Sustainable fireworks: a passionate discussion about the Golden City's economy
How do you create an economically sustainable city? More specifically, how can Rossland move towards becoming economically sustainable without raising taxes or cutting services? These questions among others were the general basis for an in depth and at times heated discussion at City Hall this past Monday night.
Presenting to a Committee of the Whole (COW), the Sustainability Commission first gave a progress update before launching into their recommendations on ways to move Rossland in a more sustainable economic direction.
“We’ve arrived at a concern that there is an urgency around the economy in Rossland that we think requires some higher level commitment and attention from a broader group than the economic development task force, “explained Kelvin Saldern, chair of the commission. “The economic situation–and we know this from what is going on around the world and in town–is a complex issue and there are some critical things going on right now. We have businesses that are on the brink of closing down. We have what I haven’t seen in a long time in Rossland: empty storefronts.”
Not solely focused on economic development issues, the commission has four task forces, each focussing on specific areas relating to sustainability including water stewardship, housing and affordability, community economic development and the newly added energy task force.
“Economic development crosses over a lot of areas in the strategic sustainability plan. Housing and economic development are integrally linked and of course environment underpins everything. We’re not abandoning or ignoring the other two pillars of the three pillars of the plan, but we feel there is urgency around economic development right now,” stressed Saldern.
In an effort to address the economic sustainability of Rossland, the commission put forth two recommendations to council Monday night. The first recommendation was focused on understanding. Broken down into A,B and C sections, 1A recommended conducting an independent review of city cost structure with the primary goal of understanding how do the city of Rossland’s operating costs, revenues and taxes compare to neighbours and other similar communities in the province. Sections B and C of the first recommendation were to research other costs of living in Rossland and understand the various other factors that affect life here beyond taxes—such as transportation, child care and services–that impact cost of living.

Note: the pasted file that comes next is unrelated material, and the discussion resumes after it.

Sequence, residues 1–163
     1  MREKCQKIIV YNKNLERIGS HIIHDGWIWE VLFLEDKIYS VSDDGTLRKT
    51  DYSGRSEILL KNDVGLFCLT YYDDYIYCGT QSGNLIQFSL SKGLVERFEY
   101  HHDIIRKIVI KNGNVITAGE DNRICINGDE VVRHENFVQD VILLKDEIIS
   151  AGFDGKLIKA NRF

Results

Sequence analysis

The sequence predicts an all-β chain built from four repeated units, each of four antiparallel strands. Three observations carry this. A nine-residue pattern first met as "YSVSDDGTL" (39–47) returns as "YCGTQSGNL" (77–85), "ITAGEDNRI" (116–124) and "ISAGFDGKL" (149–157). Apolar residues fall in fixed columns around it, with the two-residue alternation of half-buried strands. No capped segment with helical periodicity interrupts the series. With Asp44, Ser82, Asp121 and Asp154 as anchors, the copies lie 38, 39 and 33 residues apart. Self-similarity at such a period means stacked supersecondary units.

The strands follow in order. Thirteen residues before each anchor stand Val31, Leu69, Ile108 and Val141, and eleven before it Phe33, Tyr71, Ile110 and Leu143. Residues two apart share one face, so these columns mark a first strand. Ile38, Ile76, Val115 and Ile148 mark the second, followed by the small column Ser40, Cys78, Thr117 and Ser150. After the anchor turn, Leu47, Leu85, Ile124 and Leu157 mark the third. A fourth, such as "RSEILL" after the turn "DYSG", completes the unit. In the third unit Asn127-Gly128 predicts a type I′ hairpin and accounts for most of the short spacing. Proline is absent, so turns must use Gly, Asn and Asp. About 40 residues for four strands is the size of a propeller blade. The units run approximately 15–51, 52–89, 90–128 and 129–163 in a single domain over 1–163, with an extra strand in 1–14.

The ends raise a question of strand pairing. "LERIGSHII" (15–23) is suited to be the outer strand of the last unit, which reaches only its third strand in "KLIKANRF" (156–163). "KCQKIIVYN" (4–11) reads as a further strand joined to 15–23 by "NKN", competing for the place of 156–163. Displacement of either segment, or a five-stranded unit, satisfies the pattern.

Following those two stages, recommendation two was to research possible solutions to the cost and revenue issues and embed them in an Economic Development action plan.
The first recommendation point drew the attention of council members, and ultimately it was decided that council was already taking action on item 1a and that this function did not need the Sustainability Commission to double up on the work.
“My problem is that you are assuming that previous councils have not been doing this,” said Councillor Laurie Charlton with some heat.
Saldern replied, “It’s not a criticism, Laurie. You don’t need to get defensive. We’re willing to help. If you have the answers, that’s great. Let’s talk about them. If you have the answers to 1A, then let’s leap into items B and C and get on with the next recommendation. We’re not saying you’re not doing your job.”
Councillor Charlton suggested that this work was outside of the realm of what the commission was supposed to be doing. “My beef has always been and will continue to be with the Sustainability Commission. We gave a mandate that says very clearly what you’re supposed to be doing and it is spelled out in the bylaws.”